Those movies that turned their stars into household names didn't always pay household name-sized salaries.
In many cases, pretty far from it.
Ryan Gosling – Half Nelson (£756-a-week)
Ryan Gosling's big break, as we all know, was as a mouseketeer on the Disney Channel's Mickey Mouse Club. His breakthrough role, however, came a few years later in 2006, playing crack addict teacher Dan Dunne in the indie drama Half Nelson from director Ryan Fleck (who with Anna Boden would later make Captain Marvel). Gosling accepted a pay cheque of $1000-a-week. On the upside, he was nominated for Best Actor at the 2006 Oscars. So, y'know, worth it.
Hilary Swank – Boys Don't Cry (£2270)
Hilary Swank's breakthrough role was in Kimberly Peirce's harrowing drama Boys Don't Cry, playing Brandon Teena, the trans man from Nebraska who was murdered in 1993, a murder which ushered in fierce lobbying for increased severity for the punishment of hate crimes in the US. Despite a tiny $3000 fee for her work, Swank won both the Oscar and the Golden Globe for Best Actress.
Jennifer Lawrence – Winter's Bone (£2270-a-week)
Before Katniss, Jennifer Lawrence played another inspirational hero – Ree Dolly, the teenager supporting her entire family in the rural Ozarks. Lawrence's raw performance stunned critics, and the role – for which she was paid just $3000-per-week for her time on set – earned her a nomination for Best Actress at the Oscars. Just two years later, for the first Hunger Games movie, she was able to demand $1 million, rising to a staggering $15 million come the third movie.
Brad Pitt – Thelma & Louise (£4500)
Hard to believe, but Brad Pitt was once unknown. Ridley Scott's female buddy road movie Thelma & Louise changed that, with Pitt playing the thief on the run JD, who cops off with Geena Davis's Thelma before absconding with her life savings like a git. He was paid the princely sum of $6000 for his trouble. He's probably got that much stuffed in his man-bag these days. The following year, he starred in Robert Redford's A River Runs Through It, and that was that.
Jamie Lee Curtis – Halloween (£6000)
Jamie Lee Curtis created an archetype as imperilled babysitter Laurie Strode in John Carpenter's 1978 benchmark horror Halloween, her on-screen debut. So obviously, as a novice, her fee wasn't likely to be a record-breaker. Carpenter paid her just $8000 for her performance, compared to $20,000 for screen veteran Donald Pleasance. She even had to buy her own clothes from US department store JC Penney, such was the thrifty $300,000 budget for the movie. Still, it was better than Nick Castle, who played Michael Myers. He earned $25-a-day.
Dustin Hoffman – The Graduate (£12,800)
Mike Nichols' The Graduate was only Dustin Hoffman's second movie, following a small role in Love Story director Arthur Hiller's The Tiger Makes Out in 1967. So a fee of $17,000 (these days a relatively respectable $130,000) was actually fairly decent. Playing the impressionable Benjamin Braddock in the simmering tale of the young man seduced by an older woman (Mrs Robinson, played by Anne Bancroft), Hoffman received his first nomination for Best Actor at the Oscars. He'd be nominated a further two times (for Midnight Cowboy and Lenny) before winning in 1979 for Kramer vs. Kramer.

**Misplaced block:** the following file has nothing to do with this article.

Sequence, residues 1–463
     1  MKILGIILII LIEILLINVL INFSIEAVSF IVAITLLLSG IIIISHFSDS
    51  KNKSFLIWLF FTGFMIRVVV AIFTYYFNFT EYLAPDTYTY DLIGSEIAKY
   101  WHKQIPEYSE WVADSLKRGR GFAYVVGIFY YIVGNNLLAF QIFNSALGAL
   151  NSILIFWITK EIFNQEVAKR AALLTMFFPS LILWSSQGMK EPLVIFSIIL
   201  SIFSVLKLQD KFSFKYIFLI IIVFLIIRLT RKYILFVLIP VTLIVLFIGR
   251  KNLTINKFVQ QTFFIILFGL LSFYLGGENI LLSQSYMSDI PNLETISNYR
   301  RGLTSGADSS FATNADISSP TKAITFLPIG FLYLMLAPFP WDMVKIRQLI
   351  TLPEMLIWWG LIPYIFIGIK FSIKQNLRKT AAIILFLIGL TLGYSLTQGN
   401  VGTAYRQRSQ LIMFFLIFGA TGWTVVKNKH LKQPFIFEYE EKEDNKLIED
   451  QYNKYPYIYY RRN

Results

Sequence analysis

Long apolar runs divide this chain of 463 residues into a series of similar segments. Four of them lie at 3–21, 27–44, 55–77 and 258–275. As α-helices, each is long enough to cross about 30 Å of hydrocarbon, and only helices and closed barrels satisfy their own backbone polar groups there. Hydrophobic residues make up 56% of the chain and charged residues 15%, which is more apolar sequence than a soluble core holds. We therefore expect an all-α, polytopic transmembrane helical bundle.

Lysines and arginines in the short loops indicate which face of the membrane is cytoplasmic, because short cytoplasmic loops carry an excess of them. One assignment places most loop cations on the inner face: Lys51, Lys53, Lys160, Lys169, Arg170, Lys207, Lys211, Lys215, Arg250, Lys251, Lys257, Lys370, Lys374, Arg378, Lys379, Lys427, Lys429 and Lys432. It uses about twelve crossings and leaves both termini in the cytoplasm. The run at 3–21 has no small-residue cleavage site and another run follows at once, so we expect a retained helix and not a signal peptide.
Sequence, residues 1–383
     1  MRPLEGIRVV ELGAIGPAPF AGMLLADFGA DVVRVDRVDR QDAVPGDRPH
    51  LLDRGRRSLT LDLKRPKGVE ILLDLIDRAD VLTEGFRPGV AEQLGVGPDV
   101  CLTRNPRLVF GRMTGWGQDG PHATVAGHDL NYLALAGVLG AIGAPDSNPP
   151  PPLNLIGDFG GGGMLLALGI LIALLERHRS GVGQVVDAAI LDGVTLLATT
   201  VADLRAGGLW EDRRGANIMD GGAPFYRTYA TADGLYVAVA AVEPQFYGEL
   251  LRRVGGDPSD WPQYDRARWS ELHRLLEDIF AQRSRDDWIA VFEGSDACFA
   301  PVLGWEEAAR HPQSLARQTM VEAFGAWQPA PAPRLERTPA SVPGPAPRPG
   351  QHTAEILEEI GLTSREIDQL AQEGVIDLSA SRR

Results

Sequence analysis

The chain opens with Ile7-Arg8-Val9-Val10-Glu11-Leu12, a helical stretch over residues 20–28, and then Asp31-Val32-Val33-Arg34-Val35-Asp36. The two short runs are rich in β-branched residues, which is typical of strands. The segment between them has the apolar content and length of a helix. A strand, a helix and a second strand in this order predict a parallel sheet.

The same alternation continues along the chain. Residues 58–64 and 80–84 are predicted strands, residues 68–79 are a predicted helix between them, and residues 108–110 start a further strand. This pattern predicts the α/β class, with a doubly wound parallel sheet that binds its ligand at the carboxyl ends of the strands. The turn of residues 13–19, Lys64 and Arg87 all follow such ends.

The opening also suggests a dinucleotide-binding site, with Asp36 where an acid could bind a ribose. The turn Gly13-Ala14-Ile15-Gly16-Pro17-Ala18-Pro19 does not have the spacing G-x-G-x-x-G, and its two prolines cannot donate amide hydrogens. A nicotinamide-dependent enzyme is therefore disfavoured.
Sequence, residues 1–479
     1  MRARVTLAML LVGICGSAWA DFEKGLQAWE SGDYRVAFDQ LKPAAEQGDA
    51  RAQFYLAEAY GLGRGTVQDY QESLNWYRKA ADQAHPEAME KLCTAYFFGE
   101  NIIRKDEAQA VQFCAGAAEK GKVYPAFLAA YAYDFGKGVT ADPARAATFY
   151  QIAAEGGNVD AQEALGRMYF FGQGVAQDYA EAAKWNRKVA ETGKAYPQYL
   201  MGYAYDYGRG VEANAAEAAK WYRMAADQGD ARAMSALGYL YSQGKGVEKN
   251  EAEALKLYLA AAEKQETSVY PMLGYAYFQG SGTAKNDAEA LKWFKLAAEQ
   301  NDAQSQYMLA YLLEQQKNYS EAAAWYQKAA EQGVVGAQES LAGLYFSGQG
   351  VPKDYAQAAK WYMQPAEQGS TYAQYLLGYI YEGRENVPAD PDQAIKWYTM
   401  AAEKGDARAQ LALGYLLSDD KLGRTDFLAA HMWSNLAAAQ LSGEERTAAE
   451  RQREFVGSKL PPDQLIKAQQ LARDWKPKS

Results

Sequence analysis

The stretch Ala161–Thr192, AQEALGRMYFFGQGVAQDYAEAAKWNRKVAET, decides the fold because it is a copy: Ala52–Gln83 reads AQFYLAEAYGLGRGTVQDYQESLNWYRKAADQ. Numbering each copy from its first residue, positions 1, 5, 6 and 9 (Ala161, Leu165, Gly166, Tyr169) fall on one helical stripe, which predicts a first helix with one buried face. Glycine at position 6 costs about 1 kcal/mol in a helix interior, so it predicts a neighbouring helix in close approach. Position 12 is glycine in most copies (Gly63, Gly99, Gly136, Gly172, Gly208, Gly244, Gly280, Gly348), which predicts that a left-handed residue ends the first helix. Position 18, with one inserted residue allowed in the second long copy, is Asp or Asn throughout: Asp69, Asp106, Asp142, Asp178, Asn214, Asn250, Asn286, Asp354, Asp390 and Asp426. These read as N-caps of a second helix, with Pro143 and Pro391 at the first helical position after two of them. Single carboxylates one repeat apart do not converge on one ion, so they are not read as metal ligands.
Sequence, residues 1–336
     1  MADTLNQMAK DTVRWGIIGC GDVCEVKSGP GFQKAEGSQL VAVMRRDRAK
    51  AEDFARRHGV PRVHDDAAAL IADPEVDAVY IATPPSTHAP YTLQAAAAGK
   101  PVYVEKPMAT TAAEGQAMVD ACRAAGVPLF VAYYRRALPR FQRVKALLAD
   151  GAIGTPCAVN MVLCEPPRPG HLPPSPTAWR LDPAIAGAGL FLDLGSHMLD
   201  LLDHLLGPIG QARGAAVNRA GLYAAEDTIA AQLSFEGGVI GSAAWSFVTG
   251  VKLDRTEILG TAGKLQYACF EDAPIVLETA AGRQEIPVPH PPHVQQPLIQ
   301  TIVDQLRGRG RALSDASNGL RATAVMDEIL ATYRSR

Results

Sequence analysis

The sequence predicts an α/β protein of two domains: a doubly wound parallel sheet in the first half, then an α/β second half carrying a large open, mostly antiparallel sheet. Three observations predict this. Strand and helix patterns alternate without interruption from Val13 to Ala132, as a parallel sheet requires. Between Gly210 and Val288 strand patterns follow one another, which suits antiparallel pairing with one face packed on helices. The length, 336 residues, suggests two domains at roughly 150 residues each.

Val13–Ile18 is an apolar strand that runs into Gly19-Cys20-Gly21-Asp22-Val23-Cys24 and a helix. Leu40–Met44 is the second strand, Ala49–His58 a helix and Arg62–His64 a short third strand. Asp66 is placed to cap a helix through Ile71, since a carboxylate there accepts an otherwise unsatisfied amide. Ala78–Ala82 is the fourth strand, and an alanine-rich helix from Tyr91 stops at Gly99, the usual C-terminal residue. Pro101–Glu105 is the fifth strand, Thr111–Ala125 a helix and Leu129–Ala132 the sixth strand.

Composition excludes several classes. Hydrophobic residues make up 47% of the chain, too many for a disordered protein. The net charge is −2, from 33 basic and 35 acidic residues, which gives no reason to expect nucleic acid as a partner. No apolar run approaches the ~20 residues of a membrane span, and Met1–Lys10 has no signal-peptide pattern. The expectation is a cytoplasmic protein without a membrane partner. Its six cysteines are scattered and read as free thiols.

Oprah Winfrey – The Color Purple (£26,500)
Back when she had two names, Oprah made her movie debut in Steven Spielberg's adaptation of Alice Walker's pivotal The Color Purple, playing Sofia, the tragic sister of Whoopi Goldberg's Celie. The role earned her an Oscar-nomination, but not a great deal of money – her fee amounting to $35,000. With Quincy Jones, Winfrey later produced a musical version of the show for Broadway, which went on to gross over $100 million.
Jamie Dornan – 50 Shades of Grey (£76,000)
Considering sold a baffling 125 million copies around the world and has been translated into 52 languages, Universal Pictures wasn't splashing around the cash for its big screen adaptation of E.L. James's erotic fiction. But then Irish actor Dornan wasn't the first choice for the role, with Charlie Hunnam famously having the leave the project over scheduling conflicts, with the likes of Alexander Skarsgard, Theo James and Scott Eastwood also mooted. After the first movie was a hit, however (making $570 million worldwide), he got a hefty bump up to £4.5 million for the next two movies.
John Travolta – Pulp Fiction (£114,000)
OK, so John Travolta's breakthrough performance was in Saturday Night Fever, but fast-forward to 1993, and his career was in the toilet, reduced to sell-through guff and Look Who's Talking sequels. Tarantino threw him a lifeline with Pulp Fiction, but only paid him $150,000 for his role as hitman with a heart (and briefcase) of gold Vincent Vega. For context, his next project, Get Shorty, paid him $6 million and by the close of the millennium, he was commanding $20 million per movie. He owes Quentin big.
Chris Evans – Captain America (£227,000)
'A pittance' is a relative term. But in the billion-dollar world of Marvel, $300,000 is a drop in the ocean. Particularly if that's what you're paying your lead actor. Chris Evans was largely unproved as a blockbuster lead, so introducing Evans as Steve Rogers in Captain America: The First Avenger was a bit of a risk. He was paid accordingly. Fun fact; after the ghastly experience of playing Human Torch in the Fantastic Four movies, he'd turned down the role of Cap three times before finally agreeing, signing a six-picture deal with Marvel. He reportedly got paid $15 million by the time he got to Endgame, the same sum he got for Captain America: Civil War and Avengers: Infinity War.